Another embodiment of the present invention relates to a process for producing a catheter 210 (FIG. 5) having a balloon member 218 attached to the distal end 240 of the catheter 210 during production of the balloon member 218. The process generally includes providing a catheter 210 with, a shaft 214, a proximal end 215, an interior, an exterior, and a distal end 240, and producing a balloon member 218 having a distal end 221 and a proximal end 223. It will be appreciated that the balloon member 218 may consist of any suitable material or product including, but not be limited to, elastomeric or expandable materials. As suggested above, the distal end 221 of the balloon member 218 is shown in FIG. 5 as being attached to the distal end 240 of the catheter 210 during production of the balloon member 218.
It will be appreciated that the proximal end 223 (FIG. 5) of a balloon member 218 may also be attached to the catheter 210 (FIG. 5). In many, but not all, instances the balloon member proximal end 223 (FIG. 5) will need to be attached to catheter 210 (FIG. 5) to form an expandable cavity 235 between the balloon member 218 and the catheter 210. In those instances in which the proximal end 223 of the balloon member 218 is secured to the catheter 210, it may be done in any suitable manner which may include, but is not limited to, gluing, chemical bonding, or the like. The balloon member 218 may be formed such that at least one end thereof may be attached to the interior of the catheter 210 (e.g. shaft 226 or tip member 217). Alternatively, the balloon member 218 may be formed such that at least one end thereof may be attached to the exterior of the catheter 210. Still another embodiment of the present invention may include an inverted attachment or cuff 223 as shown in FIGS. 5. More specifically, for example, the proximal end 223 of the balloon member 218 may be attached to the shaft 214 of the catheter 210 in an inverted manner. The advantages and benefits of such an inverted attachment are discussed in commonly owned and co-pending U.S. patent application Ser. No. 10/307,057, entitled “CATHETER HAVING A BALLOON MEMBER INVERTEDLY ATTACHED THERETO”, filed on Nov. 30, 2002 in the names of Letson et al., the disclosure of which is incorporated by reference in its entirety herein.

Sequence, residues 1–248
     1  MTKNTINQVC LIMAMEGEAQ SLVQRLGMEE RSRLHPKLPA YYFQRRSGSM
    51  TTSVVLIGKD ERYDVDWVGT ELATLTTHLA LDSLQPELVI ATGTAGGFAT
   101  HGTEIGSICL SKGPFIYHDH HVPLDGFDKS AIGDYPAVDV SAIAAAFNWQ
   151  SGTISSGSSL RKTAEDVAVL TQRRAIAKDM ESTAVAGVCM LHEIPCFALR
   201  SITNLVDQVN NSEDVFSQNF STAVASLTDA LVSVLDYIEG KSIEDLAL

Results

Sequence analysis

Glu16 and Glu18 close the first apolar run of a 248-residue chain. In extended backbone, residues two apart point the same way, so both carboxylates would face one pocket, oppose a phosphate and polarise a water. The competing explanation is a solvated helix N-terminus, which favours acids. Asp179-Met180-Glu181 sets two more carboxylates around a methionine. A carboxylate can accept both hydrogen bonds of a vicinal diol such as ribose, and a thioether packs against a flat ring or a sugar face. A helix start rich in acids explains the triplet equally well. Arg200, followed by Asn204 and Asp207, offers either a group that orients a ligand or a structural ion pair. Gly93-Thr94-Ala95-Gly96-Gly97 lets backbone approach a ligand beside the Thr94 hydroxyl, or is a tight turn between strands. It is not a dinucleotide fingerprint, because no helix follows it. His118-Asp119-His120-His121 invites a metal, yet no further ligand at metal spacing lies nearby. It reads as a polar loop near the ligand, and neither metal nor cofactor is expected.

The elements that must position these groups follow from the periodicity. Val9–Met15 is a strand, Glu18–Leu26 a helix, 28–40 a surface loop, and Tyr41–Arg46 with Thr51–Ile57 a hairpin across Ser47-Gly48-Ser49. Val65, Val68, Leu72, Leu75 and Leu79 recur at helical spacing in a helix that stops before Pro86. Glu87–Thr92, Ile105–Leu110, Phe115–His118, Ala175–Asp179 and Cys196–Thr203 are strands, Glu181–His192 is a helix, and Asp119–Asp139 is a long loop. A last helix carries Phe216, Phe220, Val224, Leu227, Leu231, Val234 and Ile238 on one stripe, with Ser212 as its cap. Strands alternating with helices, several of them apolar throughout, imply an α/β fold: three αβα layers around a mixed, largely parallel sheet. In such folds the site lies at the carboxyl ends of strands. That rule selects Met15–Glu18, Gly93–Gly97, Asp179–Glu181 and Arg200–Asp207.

Referring to FIG. 6, it will be appreciated that the distal end 440 of the catheter 410 may further include a tip member 417. The tip member 417 may be integrally formed with (i.e., part of) the catheter 410 or the tip member 417 may be separately produced and attached at a some point after initial production of the catheter (as shown in FIG. 5). In either case, for purposes of discussion in connection with this aspect of the present invention, where a tip member 417 (FIG. 6) is already present (whether integrally formed or separately produced and later attached, including by the processes described above) the distal end 227 (FIG. 5) or 427 (FIG. 6) of the tip member 217 (FIG. 5) or 417 (FIG. 6) may be considered to be the distal end of the catheter.